Whould Bob Dylan's song "Chimes of Freedom" have the theme of freedom for the individual?I am doing a paper where I have to choose a music selection (one of 3 pieces total) and tie the theme of...
Whould Bob Dylan's song "Chimes of Freedom" have the theme of freedom for the individual?
I am doing a paper where I have to choose a music selection (one of 3 pieces total) and tie the theme of it to my profession. My profession is elementary education. I choose the theme of freedom of the individual because I am writing the paper to show how an education is the foundation for the individual to become who he/she wants to be in adult life or do what he/she wants to do in life. Please, explain if the song in the question above relates in this way. It would be greatly appreciated. I am really struggling with this!
I would pay attention to Dylan's hopes of giving voice to those who might lack it and how freedom exists for all of these individuals. In the modern setting, freedom is the only guarantee for all beings and their ability to act on it to the best of their abilities with the most amount of understanding is of vital importance. Dylan speaks for these individuals, such as "Flashing for the warriors whose strength is not to fight/ Flashing for the refugees on the unarmed road of flight/ An' for each an' ev'ry underdog soldier in the night" or "Tolling for the rebel, tolling for the rake/ Tolling for the luckless, the abandoned an' forsaked/Tolling for the outcast, burnin' constantly at stake" or even "Striking for the gentle, striking for the kind/ Striking for the guardians and protectors of the mind/ An' the unpawned painter behind beyond his rightful time." These voices or narratives are ones that justify freedom for Dylan. They justify his singing for them, and their own songs to be sung. I think that education can tie into this process because the more education individuals receive, the greater the chance such voices can be heard or that individuals can pay attention to these voices that might be silenced. Education and freedom go together in this context because there is a social dimension to it. One cannot be educated and pretend to not hear what is out there because their perceptions and understandings about the world have been awakened. This might be one slant or angle to take linking the song to freedom and education.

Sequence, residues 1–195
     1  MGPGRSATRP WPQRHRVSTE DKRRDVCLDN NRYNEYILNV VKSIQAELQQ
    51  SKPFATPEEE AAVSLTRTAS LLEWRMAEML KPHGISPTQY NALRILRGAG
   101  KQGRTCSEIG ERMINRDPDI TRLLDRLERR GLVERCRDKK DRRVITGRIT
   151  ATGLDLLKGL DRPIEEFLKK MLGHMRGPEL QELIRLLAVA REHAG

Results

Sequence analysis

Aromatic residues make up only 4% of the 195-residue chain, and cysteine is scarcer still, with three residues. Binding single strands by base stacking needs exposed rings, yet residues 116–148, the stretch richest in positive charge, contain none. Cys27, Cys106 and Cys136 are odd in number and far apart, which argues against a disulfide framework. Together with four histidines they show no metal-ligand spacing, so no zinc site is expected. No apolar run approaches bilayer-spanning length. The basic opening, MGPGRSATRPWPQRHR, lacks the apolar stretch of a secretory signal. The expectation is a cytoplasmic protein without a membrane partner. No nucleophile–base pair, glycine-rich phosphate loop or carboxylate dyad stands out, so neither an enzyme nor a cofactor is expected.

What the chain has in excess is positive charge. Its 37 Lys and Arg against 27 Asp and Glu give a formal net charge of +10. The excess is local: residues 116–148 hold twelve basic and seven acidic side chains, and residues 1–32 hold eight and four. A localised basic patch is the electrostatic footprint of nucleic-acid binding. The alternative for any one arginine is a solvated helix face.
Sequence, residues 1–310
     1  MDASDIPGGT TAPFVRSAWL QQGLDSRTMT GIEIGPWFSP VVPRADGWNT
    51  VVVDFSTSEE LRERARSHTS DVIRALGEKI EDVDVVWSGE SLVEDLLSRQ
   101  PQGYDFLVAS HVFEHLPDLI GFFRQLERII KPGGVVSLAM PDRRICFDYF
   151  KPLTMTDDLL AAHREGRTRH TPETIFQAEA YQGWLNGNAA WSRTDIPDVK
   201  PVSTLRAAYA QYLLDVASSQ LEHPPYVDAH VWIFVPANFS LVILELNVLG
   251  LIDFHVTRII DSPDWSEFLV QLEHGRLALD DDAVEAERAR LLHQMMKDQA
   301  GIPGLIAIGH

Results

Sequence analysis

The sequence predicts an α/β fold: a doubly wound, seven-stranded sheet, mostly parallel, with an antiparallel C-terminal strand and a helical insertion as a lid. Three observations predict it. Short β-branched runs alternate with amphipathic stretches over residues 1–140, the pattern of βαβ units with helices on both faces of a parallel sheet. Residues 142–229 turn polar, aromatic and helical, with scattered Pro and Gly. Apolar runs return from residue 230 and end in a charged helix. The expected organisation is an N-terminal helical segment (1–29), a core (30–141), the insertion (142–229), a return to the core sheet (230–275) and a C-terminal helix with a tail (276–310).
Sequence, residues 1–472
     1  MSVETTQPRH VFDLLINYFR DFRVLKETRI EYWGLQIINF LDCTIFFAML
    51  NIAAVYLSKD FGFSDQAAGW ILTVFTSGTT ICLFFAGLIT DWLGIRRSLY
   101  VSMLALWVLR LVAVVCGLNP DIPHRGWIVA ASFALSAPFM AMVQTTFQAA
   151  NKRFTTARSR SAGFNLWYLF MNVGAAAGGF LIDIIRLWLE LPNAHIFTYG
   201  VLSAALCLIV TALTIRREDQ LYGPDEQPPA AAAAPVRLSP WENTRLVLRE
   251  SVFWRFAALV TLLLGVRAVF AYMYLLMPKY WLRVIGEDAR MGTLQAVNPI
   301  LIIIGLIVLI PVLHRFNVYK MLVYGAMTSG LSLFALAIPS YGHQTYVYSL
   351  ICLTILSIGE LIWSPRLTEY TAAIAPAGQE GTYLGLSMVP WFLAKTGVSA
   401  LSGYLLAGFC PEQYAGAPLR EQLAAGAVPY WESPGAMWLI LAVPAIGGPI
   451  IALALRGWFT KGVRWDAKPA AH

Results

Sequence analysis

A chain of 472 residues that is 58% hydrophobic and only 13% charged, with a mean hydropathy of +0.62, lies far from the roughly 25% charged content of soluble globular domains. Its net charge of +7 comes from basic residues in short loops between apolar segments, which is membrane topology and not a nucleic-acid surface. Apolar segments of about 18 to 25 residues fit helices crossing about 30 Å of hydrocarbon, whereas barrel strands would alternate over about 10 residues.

I would say it depends on what you are considering "education." Much of Dylan's song celebrates those who rise up against systems, the "warriors whose strength is not to fight," or the rebel, typically not the people we celebrate in our current system of education.
So much of what Dylan seems to be celebrating is the chiming of the bells symbolized by lightning, chiming for people that are cast out of the system, mislabeled or cheated, people that don't fit into our current view of education, people that likely got their education on the street or in their tough experiences.
If your paper is going to address that idea, the idea that real education happens in the rough and the tough, the moments when you aren't necessarily in a classroom being inspired but when you are scared or alone or hunted or standing up against what you are "supposed to do," I think the song might be a great reference.